Coffee around the world – Greek coffee

Posted by:strictlycoffee onJune 16, 2012

Greek Coffee is the most popular drink in Greece. It’s a ritual of daily life, consumed at home, at work, and in coffee houses that thrive in even the smallest Greek village. Sharing a cup of coffee is a sign of friendship as well as an excuse to catch up on the day’s events, flirt a little, or perhaps, play a game of chess or backgammon. Greek coffee has a long, interesting, and varied history, and it’s been a vital part of that country’s culture for hundreds of years.

What is Greek Coffee?
Greek Coffee is a very fine ground coffee, similar in consistency (but not taste) to American instant coffee. It is prepared in a special coffeepot called a bricki. Greek coffee is generally considered very strong by our standards and it is boiled three times to achieve this strength. Sugar, if desired, is added to the grounds before the coffee is brewed. In Greece, you order the degree of sweetness desired when you order your cup of coffee. A special vocabulary exists just to order coffee. There are 46 different degrees of sweetness. Below are the most common ones.

Japanese Tea Sets

  • Pikro – Bitter
  • Sketos – Without Sugar
  • Metrio – Medium, with about 1 tsp. Sugar
  • Glyko – Sweet, with about 2tsp. Sugar
  • Variglyko – Very Sweet

Greek Coffee History
What is known today as Greek coffee (and Turkish coffee) has its roots in the hills of Ethiopia. Arab traders found it there in the 15th century and brought it back to the mid-east countries. By the 16th century, it had made its way to Western Europe. The Turks were introduced to coffee around 1550 and through the Ottoman occupation, this beverage made its way to Greece shortly thereafter.

In Greece, brewing the perfect cup of coffee is an art form, much like pouring tea is in Japan. It is a sign of maturity when a young Greek girl learns to make her first proper cup of coffee. There are many subtleties and nuances to Greek coffee making and the best hostesses can deftly create a cup with a frothy foam floating on top.

The Greeks, who love oracles, have historically told fortunes from the coffee grounds left in the cup. To do this, turn the empty cup over quickly in the saucer and wait one minute. Remove the cup and look at the pattern left by the grounds. For instance, if the grounds are separated by a wide space, it predicts a long voyage. If there is a large blob of ground, it predicts money.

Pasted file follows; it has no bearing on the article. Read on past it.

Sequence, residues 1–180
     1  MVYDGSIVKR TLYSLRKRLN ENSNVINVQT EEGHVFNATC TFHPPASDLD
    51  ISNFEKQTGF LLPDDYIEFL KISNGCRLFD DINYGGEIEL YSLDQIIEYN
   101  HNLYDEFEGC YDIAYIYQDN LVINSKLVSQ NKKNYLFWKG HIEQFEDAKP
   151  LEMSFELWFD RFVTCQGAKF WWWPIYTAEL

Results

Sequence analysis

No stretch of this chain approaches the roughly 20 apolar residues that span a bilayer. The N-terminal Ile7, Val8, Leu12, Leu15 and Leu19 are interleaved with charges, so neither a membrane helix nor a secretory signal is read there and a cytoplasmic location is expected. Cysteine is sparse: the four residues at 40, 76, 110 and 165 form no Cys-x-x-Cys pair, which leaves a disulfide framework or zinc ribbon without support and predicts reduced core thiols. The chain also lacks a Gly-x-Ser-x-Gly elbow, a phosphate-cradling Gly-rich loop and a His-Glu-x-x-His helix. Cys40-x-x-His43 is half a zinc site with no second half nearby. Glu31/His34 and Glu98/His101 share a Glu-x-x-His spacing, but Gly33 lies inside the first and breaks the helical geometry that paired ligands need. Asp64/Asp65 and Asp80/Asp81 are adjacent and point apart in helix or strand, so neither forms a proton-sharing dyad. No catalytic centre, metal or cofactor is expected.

Preparing Greek Coffee
Use a bricki ,a small, usually brass or copper, pot with a small mouth, a pouring lip, and a long handle, to prepare Greek coffee. First, measure the coffee using the coffee cup as a guide. Measure one cup of grounds for each cup desired. Greek coffee is served in a small cup, similar but slightly smaller than a demitasse cup.

Add one demitasse cup of water to the bricki , followed by the desired amount of sugar. For metrio, add 1tsp. of sugar for each cup of coffee. Bring the water and sugar to a rolling boil. Remove the pot from the fire, stir in the coffee and return the bricki to the heat. The coffee will boil to the top immediately, so be prepared to remove the pot again in just a few seconds Return the bricki to the heat and again remove it after a few seconds. Repeat once more, for a total of three boilings.Pour the coffee immediately into Greek coffee cups, filling each to about 1/4″ from the top.

No spoon is served (since the coffee is already sweetened).Cream or milk is never added to Greek coffee.In Greece, it is customary to serve a tall glass of ice water with coffee.

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